Find Nutrients for Children in Food, Not Pills
You want to make sure your child gets the right vitamins and minerals. Although that may seem as simple as choosing a multivitamin off the shelf, it's not always true.
The fact that it's easy to find over-the-counter vitamins doesn't mean you should use them. It's best for kids to get all the nutrients they need from food.
But there are some children who may need a supplement. Ask your doctor if your child is one of them. Children who may need supplements include vegetarians, vegans, those with ailments like cystic fibrosis, and those with poor appetites or fickle eating habits.
Teen girls may also need supplements. For example, if they’re cutting back on calories by avoiding or limiting dairy products, they’re robbing themselves of vitamins and minerals. Because puberty is a critical time for building bone density, drinking low-fat milk and consuming other low-fat dairy products should be a key part of a girl's eating habits. For teen girls who don't or can't drink milk, a calcium supplement may be necessary.
If your doctor suggests a vitamin or mineral supplement, treat it as medication that can be toxic in large doses. Keep supplements in a safe place where your child can't get to them. And teach your child that vitamins and candy aren't the same thing.
What it does: Helps promote healthy skin, growth and development of cells, and a healthy immune system; helps prevent eye problems
Where to find: Dairy products, eggs, orange and dark green vegetables, and fortified cereals
What they do: All the B vitamins promote healthy nervous system function; B12, B6, and B2 (riboflavin) also help make red blood cells; B1 (thiamine), B3 (niacin), and B2 also help convert food into energy; B2 also promotes healthy vision
Where to find: Red meat, dairy products, eggs, fish, poultry, soybeans, and fortified cereals
What it does: Helps makes red blood cells, breaks down protein, and promotes heart health
Where to find: Leafy green vegetables, legumes, citrus fruits, asparagus, poultry, and fortified cereals and breads
What it does: Helps wounds heal; promotes healthy bones, teeth, gums, and blood vessels; and helps body absorb iron and calcium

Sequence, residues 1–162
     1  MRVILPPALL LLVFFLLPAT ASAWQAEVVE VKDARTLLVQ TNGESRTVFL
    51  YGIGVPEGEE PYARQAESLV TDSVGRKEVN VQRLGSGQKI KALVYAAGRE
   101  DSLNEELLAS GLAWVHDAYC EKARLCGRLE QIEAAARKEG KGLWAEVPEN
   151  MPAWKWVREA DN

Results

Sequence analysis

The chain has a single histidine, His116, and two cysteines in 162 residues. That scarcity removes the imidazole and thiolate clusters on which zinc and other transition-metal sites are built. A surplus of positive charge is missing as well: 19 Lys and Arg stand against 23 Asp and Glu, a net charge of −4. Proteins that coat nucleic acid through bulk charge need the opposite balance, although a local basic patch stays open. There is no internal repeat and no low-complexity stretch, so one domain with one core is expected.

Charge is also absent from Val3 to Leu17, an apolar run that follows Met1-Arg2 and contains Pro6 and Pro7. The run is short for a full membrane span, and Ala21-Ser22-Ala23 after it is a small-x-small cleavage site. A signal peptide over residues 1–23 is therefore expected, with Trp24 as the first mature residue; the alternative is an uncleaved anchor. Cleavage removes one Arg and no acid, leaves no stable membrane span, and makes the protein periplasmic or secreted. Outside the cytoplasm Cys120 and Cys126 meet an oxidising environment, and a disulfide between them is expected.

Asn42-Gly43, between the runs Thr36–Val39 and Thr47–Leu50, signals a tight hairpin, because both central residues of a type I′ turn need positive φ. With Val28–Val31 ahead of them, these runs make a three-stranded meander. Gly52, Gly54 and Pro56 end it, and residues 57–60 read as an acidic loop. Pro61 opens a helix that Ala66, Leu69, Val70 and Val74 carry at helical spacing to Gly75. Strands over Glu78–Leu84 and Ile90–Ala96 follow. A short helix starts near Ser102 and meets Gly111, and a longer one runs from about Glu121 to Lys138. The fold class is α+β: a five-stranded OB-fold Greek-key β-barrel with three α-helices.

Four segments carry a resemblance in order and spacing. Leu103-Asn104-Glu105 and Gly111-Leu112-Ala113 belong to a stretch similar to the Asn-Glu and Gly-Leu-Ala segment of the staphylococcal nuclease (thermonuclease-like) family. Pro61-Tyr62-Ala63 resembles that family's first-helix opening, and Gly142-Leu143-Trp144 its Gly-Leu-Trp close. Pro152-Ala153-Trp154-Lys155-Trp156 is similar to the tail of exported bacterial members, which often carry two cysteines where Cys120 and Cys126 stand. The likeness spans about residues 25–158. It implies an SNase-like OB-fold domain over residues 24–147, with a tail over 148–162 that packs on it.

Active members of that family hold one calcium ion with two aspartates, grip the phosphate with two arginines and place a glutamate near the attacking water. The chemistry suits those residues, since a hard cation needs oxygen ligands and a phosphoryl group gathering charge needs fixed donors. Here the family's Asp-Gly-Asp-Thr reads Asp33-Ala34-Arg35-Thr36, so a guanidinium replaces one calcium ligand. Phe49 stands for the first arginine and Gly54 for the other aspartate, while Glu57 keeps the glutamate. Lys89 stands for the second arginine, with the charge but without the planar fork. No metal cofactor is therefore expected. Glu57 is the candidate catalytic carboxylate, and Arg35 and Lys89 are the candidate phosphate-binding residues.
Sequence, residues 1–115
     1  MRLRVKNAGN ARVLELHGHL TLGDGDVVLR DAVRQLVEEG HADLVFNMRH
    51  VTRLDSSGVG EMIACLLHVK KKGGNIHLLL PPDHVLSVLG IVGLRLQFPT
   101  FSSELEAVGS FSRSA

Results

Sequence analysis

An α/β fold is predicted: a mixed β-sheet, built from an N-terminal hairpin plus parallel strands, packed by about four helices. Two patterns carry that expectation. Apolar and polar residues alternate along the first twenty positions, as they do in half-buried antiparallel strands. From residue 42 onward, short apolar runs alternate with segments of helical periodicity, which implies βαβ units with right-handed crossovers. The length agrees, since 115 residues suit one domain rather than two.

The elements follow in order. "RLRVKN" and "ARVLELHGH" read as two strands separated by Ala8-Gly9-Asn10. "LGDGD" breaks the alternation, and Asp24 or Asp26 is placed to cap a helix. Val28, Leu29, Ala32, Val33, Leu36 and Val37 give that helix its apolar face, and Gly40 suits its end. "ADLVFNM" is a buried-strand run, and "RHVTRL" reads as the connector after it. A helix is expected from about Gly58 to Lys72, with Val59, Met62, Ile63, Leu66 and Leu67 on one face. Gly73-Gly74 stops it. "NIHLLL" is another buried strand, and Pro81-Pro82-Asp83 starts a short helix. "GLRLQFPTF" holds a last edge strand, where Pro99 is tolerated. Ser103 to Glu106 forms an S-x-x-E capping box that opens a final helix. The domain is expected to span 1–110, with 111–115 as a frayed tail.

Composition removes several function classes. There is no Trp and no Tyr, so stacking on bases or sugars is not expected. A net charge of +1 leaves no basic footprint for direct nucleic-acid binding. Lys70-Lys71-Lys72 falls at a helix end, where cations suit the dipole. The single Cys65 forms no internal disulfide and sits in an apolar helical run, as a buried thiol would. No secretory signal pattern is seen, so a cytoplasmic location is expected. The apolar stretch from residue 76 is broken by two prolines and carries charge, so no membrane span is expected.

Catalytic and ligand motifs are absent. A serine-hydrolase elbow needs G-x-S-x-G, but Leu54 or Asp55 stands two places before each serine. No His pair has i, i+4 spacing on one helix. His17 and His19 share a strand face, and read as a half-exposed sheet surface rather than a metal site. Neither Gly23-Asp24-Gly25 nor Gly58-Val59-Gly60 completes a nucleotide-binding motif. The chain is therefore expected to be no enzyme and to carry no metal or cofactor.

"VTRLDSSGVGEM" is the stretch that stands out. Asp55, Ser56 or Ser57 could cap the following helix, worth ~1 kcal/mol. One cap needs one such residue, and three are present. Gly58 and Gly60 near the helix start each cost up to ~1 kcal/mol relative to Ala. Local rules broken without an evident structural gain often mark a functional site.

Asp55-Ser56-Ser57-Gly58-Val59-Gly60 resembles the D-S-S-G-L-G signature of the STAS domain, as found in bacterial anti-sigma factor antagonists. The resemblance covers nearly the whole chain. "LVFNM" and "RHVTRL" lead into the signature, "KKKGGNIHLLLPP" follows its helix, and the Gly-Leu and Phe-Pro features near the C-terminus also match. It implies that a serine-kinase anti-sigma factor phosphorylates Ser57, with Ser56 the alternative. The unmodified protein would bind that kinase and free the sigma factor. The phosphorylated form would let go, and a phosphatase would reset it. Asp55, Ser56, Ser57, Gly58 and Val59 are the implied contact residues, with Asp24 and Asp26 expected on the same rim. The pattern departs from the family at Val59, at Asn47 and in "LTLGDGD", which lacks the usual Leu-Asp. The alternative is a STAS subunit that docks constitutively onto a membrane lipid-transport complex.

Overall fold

Where to find: Citrus fruits and juices, tomatoes, potatoes, broccoli, spinach, red berries, and bell peppers
What it does: Strengthens bones by helping the body absorb calcium; strengthens immune function; and reduces the risk for certain cancers
Where to find: Fortified dairy products, egg yolks and fish oils; it is also created in the skin by exposure to sunlight
What it does: Promotes strong bones and teeth; helps regulate muscle contraction
Where to find: Milk and other dairy products; broccoli and dark green leafy vegetables; fortified orange juice; and soy milk
What it does: Helps red blood cells carry oxygen
Where to find: Red meat, pork, fish, and shellfish; dates and raisins; lentils and other beans; leafy green vegetables; and foods made with fortified flour
What it does: Promotes healthy muscle and nerve cell function, healthy bones, and heart rhythm
Where to find: Whole grains, nuts, seeds, leafy green vegetables, potatoes, beans, avocados, bananas, broccoli, and shellfish
What it does: Promotes healthy bones and teeth, and helps the body make energy
Where to find: Dairy products, meat, and fish
What it does: Promotes healthy muscle and nerve cell function, and helps the body maintain correct balance of water in tissues
Where to find: Leafy green vegetables, broccoli, potatoes, legumes, dried fruits, citrus fruits, and bananas
What it does: Promotes healthy growth, sexual development, a strong immune system, and wound healing
Where to find: Red meat, poultry, seafood, nuts, beans, dairy products, whole grains, and fortified cereals
- McClintock, Heidi, RD, LD